If you are like me, you went inside a restaurant today for only the third time in two years. Two years!!. Once was for my birthday last June at a very fancy restaurant with our friends. The other two times was at a local diner in Nanaimo that has really good home style cooking in a cozy atmosphere. The owner has come to know us over the years and remembered our predilection for milk instead of cream in our coffee.
Though we still have our groceries delivered to our car, it almost seemed like a normal, pre-Covid kind of day. I don’t know if we will ever go back to the old way of grocery shopping. Honestly, when we are trying to get all of our errands accomplished in the most expedient way possible, the ability to reduce the time spent on groceries to five minutes is sheer brilliance. Suffice to say, I never did like shopping, for anything, let alone groceries. Add up how many hours you spend in a month shopping, and compare it to my fifteen minutes you will see how much more time you have in the month to read a book with a glass of wine.
Sure, we need other supplies but we can get most of what we need sent by mail. Not just through Amazon; seeds and gardening and quilting supplies all can come to my PO Box from independent retailers. Sure, I miss the time I used to spend in book and gardening stores, but I spend hours browsing seed catalogues and quilting stores on line, and also watch for whales at the same time.
Again, this life isn’t for everyone, but when we get home and open the boxes from the grocery store and packages from the mail it can feel like Christmas. Sometimes I have forgotten that I ordered a treat that was on sale at Save on Foods or the material for a new quilting project arrives and it is even prettier than I had hoped. Sure there have been hiccups along the way, like the time I asked for one celery stalk and I got literally one stalk of celery.. I order bunches now.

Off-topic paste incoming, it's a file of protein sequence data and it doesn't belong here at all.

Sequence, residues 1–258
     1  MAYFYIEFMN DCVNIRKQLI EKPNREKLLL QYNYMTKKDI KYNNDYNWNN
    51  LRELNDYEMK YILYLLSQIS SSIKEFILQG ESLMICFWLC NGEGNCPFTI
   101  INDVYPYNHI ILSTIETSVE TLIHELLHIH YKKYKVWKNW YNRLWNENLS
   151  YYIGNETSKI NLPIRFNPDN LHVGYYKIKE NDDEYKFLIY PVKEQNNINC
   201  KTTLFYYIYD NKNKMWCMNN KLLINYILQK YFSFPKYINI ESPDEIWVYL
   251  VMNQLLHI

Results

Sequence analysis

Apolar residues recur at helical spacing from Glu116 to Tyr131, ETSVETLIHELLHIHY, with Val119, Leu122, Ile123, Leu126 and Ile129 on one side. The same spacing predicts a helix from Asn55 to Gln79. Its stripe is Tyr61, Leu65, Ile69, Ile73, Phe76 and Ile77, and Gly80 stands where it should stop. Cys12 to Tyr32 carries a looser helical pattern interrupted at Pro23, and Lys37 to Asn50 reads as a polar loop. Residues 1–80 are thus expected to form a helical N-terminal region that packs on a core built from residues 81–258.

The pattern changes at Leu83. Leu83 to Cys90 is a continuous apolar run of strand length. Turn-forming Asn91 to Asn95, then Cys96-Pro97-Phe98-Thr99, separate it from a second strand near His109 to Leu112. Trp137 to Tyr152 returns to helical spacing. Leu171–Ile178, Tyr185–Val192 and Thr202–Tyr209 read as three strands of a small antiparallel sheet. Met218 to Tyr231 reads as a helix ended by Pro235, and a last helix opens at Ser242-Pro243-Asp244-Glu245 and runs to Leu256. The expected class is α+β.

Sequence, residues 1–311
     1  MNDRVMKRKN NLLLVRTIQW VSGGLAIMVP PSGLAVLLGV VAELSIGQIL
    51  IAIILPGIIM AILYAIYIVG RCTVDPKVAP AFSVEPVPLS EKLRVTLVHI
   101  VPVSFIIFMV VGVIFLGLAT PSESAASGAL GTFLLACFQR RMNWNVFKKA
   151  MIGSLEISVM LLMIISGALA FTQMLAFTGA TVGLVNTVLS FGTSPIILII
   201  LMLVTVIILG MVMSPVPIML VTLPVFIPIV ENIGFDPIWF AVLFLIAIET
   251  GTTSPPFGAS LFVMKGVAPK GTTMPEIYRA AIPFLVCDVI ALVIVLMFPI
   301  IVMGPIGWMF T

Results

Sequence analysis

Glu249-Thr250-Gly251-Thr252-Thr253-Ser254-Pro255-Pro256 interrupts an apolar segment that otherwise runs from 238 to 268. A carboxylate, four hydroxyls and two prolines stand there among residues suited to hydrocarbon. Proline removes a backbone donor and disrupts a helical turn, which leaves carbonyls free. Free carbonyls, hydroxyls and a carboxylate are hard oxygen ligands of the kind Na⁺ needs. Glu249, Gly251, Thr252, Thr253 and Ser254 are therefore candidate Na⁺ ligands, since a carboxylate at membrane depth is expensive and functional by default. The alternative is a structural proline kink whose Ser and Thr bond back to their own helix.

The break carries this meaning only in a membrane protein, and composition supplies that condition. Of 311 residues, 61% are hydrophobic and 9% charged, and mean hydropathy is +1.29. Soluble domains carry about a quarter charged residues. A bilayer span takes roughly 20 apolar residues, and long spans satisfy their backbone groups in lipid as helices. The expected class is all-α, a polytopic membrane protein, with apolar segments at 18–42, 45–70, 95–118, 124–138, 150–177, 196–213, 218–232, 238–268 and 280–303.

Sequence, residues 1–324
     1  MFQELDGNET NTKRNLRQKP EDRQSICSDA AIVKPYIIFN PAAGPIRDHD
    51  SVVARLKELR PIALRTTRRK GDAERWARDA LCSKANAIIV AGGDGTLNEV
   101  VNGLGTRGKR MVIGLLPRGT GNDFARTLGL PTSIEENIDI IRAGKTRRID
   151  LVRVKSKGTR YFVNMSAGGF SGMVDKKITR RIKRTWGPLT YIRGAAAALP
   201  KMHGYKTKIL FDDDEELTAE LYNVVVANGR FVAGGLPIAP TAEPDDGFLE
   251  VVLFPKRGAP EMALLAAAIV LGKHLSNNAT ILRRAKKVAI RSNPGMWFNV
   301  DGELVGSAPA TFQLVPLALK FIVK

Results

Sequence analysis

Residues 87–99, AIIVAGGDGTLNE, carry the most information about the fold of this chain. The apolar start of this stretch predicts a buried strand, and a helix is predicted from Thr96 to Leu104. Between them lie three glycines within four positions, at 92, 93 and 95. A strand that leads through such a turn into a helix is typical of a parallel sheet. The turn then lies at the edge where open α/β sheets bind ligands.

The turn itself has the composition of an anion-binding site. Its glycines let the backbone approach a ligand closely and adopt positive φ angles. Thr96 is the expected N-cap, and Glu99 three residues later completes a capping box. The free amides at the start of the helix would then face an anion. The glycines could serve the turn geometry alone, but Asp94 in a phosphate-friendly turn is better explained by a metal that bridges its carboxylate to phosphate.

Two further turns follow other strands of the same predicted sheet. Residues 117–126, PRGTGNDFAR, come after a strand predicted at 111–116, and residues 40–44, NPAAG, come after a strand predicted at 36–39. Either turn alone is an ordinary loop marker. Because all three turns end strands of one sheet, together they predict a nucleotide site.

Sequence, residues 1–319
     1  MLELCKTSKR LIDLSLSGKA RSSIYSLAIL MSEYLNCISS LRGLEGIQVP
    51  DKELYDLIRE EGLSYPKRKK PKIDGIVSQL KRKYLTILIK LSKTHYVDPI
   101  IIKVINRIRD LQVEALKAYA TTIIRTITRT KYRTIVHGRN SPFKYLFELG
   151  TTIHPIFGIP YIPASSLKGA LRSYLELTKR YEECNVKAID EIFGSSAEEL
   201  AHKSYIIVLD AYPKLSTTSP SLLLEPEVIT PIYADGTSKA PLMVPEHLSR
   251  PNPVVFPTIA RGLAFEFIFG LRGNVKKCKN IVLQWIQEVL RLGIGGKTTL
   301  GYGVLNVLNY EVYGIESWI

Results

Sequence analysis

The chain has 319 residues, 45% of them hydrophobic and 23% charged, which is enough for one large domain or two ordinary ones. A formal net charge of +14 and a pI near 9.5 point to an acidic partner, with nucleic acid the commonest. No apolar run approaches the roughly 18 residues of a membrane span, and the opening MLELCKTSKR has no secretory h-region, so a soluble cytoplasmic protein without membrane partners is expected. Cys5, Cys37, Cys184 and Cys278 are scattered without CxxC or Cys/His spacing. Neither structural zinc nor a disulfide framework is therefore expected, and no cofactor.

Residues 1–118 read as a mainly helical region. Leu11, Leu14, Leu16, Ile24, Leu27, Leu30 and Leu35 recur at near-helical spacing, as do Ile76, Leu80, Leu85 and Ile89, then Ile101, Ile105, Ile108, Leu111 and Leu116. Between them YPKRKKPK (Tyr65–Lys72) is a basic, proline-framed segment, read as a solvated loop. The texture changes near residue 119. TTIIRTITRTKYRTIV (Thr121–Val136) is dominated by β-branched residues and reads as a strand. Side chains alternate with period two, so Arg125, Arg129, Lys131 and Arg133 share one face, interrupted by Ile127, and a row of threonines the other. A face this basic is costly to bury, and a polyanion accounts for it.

At the time of my early retirement, I had worked with the same six women for about twelve years. We worked in a small office in a hanger out at the airport. We used to joke that we weren’t at the end of the earth but we could see it from our desk. It was an isolated situation with no coffee shops or restaurants near enough to make the effort needed to venture out during a 30 minute lunch. We had a little break room which was five feet from our desks with a fridge and a coffee pot. Six of us, all day, every day, year in, year out. But the job, on the whole, was usually interesting, often stressful and although crazy busy, we all managed to have a surprising amount of fun together. The boss, as they usually are, was an idiot, but we managed to keep our clients happy despite her interventions.
Looking back, our antics to keep sane were childish, and not unlike something you would see on the TV show “The Office”. One of my favorites was when my friend photocopied 100 pictures of my head from my company ID. She then filled an envelope with the one hundred heads and passed it around the office with a note to “take as many as you need.” For years, pictures of my head were found in drawers and cabinets.
I have mentioned before how fortunate I am to have kept so many of the friends whom I met along my path in my life. Whether through school, work or parenting, even though we live so far away from them all, I have been able to keep the best of the best of them in my life. The blog helps.
Scroll ahead twenty years from my last job to this afternoon when I sat down with my big pile of packages from the Post Office. There was a new pond pump, a new pressure pump for the bunkie, some more vegetable seeds and mysterious package from my head distributor.
She sent me a few of my favorite things, including a pair of socks that were too small for her cause she remembered I have small feet and have trouble finding socks.
Some of us had babies along the way, some of us lost parents and one lost her battle with breast cancer. Over the years we shared a lot of personal information with each other, including, as I now realize, shoe sizes.